Trump
Trump
Now playing
00:46
Trump doubles down on tweets attacking witness
Now playing
01:21
Lawmaker fires back at Tucker Carlson's QAnon spin
Sen. Lisa Murkowski (R-AK) asks a question at a hearing of the Senate Health, Education, Labor and Pensions Committee on September 23, 2020 in Washington, DC.
PHOTO: Alex Edelman/Pool/Getty Images
Sen. Lisa Murkowski (R-AK) asks a question at a hearing of the Senate Health, Education, Labor and Pensions Committee on September 23, 2020 in Washington, DC.
Now playing
01:40
Trump plans to campaign against Sen. Murkowski in 2022
Biden 03062021
PHOTO: CNN
Biden 03062021
Now playing
02:28
'Help is on the way': Biden speaks after Senate passes relief plan
Now playing
03:04
Schumer: Nobody said it would be easy, but it is done
01 senate stimulus bill 210306
PHOTO: Senate TV
01 senate stimulus bill 210306
Now playing
01:47
Senate passes Biden's $1.9 trillion Covid-19 relief bill
WASHINGTON, DC - MARCH 05: Sen. John Cornyn (R) (R-TX) talks with Sen. Joe Manchin (D-WV) while walking to the U.S. Senate chamber for a vote March 05, 2021 in Washington, DC. The Senate continues to debate the latest COVID-19 relief bill.  (Photo by Win McNamee/Getty Images)
PHOTO: Win McNamee/Getty Images
WASHINGTON, DC - MARCH 05: Sen. John Cornyn (R) (R-TX) talks with Sen. Joe Manchin (D-WV) while walking to the U.S. Senate chamber for a vote March 05, 2021 in Washington, DC. The Senate continues to debate the latest COVID-19 relief bill. (Photo by Win McNamee/Getty Images)
Now playing
02:54
Axelrod breaks down Manchin's surprising move
sinema
PHOTO: CNN
sinema
Now playing
01:50
Senator's move has many on the internet outraged
PHOTO: FBI
Now playing
02:58
Trump State Department official charged in Capitol riot
WASHINGTON, DC - JANUARY 06: U.S. Sen. Paul Gosar (R-AZ) speaks on the floor of the House Chamber during a joint session of congress on January 06, 2021 in Washington, DC. Congress held a joint session today to ratify President-elect Joe Biden's 306-232 Electoral College win over President Donald Trump. A group of Republican senators said they would reject the Electoral College votes of several states unless Congress appointed a commission to audit the election results. (Photo by Drew Angerer/Getty Images)
PHOTO: Drew Angerer/Getty Images
WASHINGTON, DC - JANUARY 06: U.S. Sen. Paul Gosar (R-AZ) speaks on the floor of the House Chamber during a joint session of congress on January 06, 2021 in Washington, DC. Congress held a joint session today to ratify President-elect Joe Biden's 306-232 Electoral College win over President Donald Trump. A group of Republican senators said they would reject the Electoral College votes of several states unless Congress appointed a commission to audit the election results. (Photo by Drew Angerer/Getty Images)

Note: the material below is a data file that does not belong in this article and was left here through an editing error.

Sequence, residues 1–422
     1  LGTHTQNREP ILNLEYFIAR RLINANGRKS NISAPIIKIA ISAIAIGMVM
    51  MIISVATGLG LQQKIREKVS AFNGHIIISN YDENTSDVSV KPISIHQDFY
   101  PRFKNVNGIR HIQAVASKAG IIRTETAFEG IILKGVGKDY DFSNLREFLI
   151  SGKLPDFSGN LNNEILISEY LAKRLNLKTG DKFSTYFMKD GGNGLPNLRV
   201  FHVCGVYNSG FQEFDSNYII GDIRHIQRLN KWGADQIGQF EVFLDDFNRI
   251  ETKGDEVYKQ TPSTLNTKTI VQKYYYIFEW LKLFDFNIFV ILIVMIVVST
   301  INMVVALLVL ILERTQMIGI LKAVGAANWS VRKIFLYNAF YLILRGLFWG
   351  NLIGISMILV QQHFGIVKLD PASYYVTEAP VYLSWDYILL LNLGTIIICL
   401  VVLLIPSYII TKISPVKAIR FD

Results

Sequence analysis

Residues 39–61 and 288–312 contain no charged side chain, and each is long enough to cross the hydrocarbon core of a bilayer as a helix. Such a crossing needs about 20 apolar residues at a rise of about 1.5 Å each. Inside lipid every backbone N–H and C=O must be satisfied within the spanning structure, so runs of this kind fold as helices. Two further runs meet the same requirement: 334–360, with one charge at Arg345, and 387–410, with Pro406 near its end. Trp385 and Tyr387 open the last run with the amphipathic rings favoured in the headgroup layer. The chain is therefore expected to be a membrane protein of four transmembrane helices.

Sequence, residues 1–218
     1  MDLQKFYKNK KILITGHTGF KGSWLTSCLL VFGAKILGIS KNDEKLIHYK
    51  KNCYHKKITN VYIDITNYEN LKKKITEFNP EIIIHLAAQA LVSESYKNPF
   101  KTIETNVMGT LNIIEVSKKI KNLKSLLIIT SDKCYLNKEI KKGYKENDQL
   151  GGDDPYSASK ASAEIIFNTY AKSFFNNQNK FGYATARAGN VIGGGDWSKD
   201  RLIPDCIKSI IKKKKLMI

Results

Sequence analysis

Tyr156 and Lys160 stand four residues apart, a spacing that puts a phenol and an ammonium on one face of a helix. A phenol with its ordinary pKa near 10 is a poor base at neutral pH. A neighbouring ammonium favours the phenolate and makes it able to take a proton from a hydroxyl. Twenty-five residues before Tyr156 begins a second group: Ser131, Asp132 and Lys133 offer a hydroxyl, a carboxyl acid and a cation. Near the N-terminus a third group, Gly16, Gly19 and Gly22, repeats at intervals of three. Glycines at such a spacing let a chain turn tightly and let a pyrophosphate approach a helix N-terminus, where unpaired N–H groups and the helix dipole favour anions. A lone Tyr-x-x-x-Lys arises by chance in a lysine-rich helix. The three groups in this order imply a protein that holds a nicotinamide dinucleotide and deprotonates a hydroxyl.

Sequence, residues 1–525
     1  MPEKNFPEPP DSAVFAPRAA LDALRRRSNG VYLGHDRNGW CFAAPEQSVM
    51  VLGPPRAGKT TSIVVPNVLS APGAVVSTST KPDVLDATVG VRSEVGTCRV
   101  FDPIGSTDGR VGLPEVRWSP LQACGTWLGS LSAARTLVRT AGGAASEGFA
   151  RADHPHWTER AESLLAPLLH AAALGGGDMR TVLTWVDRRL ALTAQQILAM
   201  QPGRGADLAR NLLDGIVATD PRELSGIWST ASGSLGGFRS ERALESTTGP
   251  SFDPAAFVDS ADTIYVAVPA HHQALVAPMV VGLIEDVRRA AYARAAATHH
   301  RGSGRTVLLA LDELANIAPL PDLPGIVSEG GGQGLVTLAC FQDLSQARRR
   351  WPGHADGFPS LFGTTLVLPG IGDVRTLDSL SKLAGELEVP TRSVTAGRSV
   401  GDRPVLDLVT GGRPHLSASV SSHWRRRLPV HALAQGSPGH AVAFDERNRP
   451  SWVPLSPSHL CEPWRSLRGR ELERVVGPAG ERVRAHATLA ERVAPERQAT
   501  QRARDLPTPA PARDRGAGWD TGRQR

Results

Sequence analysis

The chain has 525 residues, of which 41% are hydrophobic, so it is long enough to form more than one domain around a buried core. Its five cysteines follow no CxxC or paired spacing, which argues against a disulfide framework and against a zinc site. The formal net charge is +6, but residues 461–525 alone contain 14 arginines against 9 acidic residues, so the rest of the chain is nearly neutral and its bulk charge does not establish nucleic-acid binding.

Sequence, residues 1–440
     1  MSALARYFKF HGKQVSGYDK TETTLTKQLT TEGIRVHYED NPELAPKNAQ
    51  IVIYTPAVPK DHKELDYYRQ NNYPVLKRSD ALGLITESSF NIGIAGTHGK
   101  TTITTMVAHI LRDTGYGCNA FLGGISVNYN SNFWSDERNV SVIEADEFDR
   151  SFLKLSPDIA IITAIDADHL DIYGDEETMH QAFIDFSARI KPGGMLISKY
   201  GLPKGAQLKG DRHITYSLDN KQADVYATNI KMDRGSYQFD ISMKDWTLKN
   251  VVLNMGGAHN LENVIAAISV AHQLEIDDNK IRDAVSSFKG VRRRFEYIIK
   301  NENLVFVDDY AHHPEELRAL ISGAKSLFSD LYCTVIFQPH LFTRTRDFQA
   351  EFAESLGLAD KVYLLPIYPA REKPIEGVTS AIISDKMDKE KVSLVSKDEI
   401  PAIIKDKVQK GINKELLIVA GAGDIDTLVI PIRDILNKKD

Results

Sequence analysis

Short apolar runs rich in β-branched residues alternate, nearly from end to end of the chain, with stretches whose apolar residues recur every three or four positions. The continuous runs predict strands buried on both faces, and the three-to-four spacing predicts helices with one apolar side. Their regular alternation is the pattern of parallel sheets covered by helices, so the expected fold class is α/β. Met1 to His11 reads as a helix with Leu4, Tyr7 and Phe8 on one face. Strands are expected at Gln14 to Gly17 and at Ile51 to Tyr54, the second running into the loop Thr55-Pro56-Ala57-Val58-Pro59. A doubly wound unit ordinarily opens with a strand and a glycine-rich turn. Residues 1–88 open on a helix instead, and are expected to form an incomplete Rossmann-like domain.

Now playing
02:19
This is what Rep. Gosar was posting days before Capitol riot
John King Magic Wall 0305
PHOTO: CNN
John King Magic Wall 0305
Now playing
02:17
President Biden sending a team to the US-Mexico border
Senior Advisor to the President Jared Kushner  attends a press conference on September 4, 2020, in the Brady Briefing Room of the White House in Washington, DC. (Photo by Brendan Smialowski / AFP) (Photo by BRENDAN SMIALOWSKI/AFP via Getty Images)
PHOTO: BRENDAN SMIALOWSKI/AFP/AFP via Getty Images
Senior Advisor to the President Jared Kushner attends a press conference on September 4, 2020, in the Brady Briefing Room of the White House in Washington, DC. (Photo by Brendan Smialowski / AFP) (Photo by BRENDAN SMIALOWSKI/AFP via Getty Images)
Now playing
02:50
Jared Kushner disappears from Trump's inner circle
Rep john garamendi 0305
PHOTO: CNN
Rep john garamendi 0305
Now playing
02:33
Rep. Garamendi: Any lawmaker involved in Capitol riots ought to be thrown out of Congress
Protesters gather at Lincoln Park to demand the Emancipation Memorial be taken down on June 23, 2020 in Washington, DC.
PHOTO: Tasos Katopodis/Getty Images
Protesters gather at Lincoln Park to demand the Emancipation Memorial be taken down on June 23, 2020 in Washington, DC.
Now playing
03:01
Why some people want this Abraham Lincoln statue taken down
psaki
PHOTO: CNN
psaki
Now playing
00:56
Psaki fires back at Trump testing czar over vaccine claims